It's a day of formal ceremonies for prime minister John Key, transport minister Simon Bridges and Auckland mayor Len Brown.
They're cutting the ribbon on a new central city waterfront cycleway this morning and turning the first sod on a Northwestern Motorway Upgrade this afternoon.
Both projects provide missing puzzle pieces for the city's transport network.
Quay Street Cycleway will almost complete the cycle loop around the CBD and will eventually be linked up to a connected network of cycleways across the city.
The opening of the cycleway is the first step towards converting Quay Street into a coastal boulevard over the next ten years.
Transport minister Simon Bridges says the $2.18 million cycleway completes another part of the Government's Urban Cycleways Programme, which the Government is spending $76 million on over the next three years.
“Quay Street is a central part of Auckland’s growing cycle network. It’s been designed to link in to other cycleways across the city and provides Aucklanders with a safer, more reliable walking and cycling route.
"We’re building cycleways to a standard that delivers real incentives for commuters to make a change and choose cycling as their mode of transport."
Auckland Transport cycling and walking manager Kathryn King says the cycleway will get more people to cycle into the central city.
“Having a dedicated cycleway like this means there is more space on the promenade for people to walk and enjoy the harbour views. The planter boxes, which provide protection from traffic, improve this wonderful space by adding some greenery.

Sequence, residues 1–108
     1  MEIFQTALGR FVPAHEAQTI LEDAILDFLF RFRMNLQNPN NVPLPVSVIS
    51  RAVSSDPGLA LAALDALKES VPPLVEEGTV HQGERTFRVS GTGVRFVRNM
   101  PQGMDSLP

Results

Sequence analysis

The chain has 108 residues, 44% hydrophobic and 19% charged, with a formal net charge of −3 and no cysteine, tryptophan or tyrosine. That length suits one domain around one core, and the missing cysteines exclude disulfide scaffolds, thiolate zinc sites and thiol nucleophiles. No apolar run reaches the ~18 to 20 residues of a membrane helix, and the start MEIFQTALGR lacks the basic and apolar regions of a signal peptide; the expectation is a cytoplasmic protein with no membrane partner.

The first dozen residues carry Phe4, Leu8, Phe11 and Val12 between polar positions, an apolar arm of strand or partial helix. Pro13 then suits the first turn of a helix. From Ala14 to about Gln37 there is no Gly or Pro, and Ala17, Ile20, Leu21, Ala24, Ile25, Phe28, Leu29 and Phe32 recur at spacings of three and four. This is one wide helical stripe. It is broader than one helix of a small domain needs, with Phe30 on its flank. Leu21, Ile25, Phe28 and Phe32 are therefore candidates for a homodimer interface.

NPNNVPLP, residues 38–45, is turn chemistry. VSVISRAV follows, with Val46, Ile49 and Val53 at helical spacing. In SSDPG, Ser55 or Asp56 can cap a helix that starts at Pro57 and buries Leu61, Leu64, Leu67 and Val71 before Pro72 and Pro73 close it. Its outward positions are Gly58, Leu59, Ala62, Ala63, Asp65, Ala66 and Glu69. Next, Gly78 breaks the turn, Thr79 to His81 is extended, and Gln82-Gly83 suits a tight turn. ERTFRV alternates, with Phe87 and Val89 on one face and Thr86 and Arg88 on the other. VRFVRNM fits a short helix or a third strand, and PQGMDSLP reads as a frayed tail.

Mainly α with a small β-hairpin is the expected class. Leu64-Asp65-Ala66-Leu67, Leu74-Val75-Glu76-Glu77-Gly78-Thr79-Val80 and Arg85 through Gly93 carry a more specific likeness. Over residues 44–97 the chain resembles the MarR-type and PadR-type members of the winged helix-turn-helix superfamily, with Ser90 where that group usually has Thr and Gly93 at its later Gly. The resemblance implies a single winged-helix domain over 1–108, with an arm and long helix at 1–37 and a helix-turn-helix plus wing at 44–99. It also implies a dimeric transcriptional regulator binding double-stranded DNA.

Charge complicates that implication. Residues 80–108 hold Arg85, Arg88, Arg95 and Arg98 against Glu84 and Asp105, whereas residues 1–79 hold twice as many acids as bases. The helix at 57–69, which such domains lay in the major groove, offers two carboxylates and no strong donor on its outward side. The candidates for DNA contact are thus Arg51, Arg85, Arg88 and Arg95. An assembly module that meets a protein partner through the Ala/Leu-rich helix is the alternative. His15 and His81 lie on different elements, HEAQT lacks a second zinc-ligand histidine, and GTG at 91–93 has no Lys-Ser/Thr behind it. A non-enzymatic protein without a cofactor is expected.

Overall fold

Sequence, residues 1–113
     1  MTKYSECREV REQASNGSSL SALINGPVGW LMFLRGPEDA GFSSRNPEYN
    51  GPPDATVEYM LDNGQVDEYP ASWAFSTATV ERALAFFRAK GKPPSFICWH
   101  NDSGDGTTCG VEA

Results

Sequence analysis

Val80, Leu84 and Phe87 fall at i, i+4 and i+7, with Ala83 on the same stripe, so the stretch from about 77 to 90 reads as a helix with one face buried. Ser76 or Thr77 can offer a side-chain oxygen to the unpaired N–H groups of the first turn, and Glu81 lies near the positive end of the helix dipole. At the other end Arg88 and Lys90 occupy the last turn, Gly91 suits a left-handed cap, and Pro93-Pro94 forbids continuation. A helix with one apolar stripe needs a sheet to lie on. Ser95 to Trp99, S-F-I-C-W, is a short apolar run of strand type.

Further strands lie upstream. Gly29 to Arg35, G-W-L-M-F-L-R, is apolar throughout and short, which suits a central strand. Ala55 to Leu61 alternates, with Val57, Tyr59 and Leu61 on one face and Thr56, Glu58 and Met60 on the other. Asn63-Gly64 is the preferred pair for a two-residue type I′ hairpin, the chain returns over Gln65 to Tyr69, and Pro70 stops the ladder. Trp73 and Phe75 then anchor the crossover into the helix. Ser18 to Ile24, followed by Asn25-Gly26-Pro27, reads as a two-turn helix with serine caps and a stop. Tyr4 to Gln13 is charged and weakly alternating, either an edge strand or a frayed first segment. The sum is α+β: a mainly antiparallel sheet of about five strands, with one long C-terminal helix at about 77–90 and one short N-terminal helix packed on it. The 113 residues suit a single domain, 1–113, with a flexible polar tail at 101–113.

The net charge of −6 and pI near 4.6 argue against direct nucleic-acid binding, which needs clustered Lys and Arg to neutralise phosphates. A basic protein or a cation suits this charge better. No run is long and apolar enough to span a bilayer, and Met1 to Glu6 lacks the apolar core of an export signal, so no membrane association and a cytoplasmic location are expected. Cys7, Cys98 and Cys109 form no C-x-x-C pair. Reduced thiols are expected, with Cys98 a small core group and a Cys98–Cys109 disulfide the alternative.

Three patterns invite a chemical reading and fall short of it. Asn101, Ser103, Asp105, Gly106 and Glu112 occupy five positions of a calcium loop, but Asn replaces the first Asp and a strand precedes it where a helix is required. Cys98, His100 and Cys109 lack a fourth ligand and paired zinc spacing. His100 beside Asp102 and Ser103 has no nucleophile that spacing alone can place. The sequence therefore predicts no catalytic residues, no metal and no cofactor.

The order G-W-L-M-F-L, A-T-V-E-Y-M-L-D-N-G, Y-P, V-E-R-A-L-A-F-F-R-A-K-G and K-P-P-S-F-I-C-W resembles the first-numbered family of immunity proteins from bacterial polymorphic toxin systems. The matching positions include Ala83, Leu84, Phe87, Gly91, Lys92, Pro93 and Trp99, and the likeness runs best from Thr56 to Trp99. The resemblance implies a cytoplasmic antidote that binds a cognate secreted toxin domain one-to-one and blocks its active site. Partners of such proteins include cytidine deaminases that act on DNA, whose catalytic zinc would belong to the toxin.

“The cycle route into the city centre along Tamaki Dr is the busiest route in Auckland, and this will make cycling from the east even more attractive. Providing a protected cycleway on Quay St gives people working in the downtown area greater travel choice and an excellent cross-town route that avoids a lot of city traffic.”
Meanwhile, the upgrade of State Highway 16 between Lincoln and Westgate is the last step towards widening the Northwestern Motorway.
Key cycling statistics
- 750 cycle trips per day on pink Lightpath since it opened December
- A doubling of the number of people cycling into the city over three years.
- 50% increase in people cycling in Symonds St/Grafton Gully corridor following opening of Grafton Gully Cycleway in 2014
- 20% increase in people cycling on Northwestern Cycleway in May 2016 compared with May 2015.
Upcoming cycling projects
- July - Ian McKinnon Dr Cycleway public consultation
- August - Karangahape Rd Streetscape Enhancement and Cycleway public consultation
- September - Mangere Future Streets
- October - Mt Roskill Safe Routes
- End of the year - Great North Rd Cycleway public consultation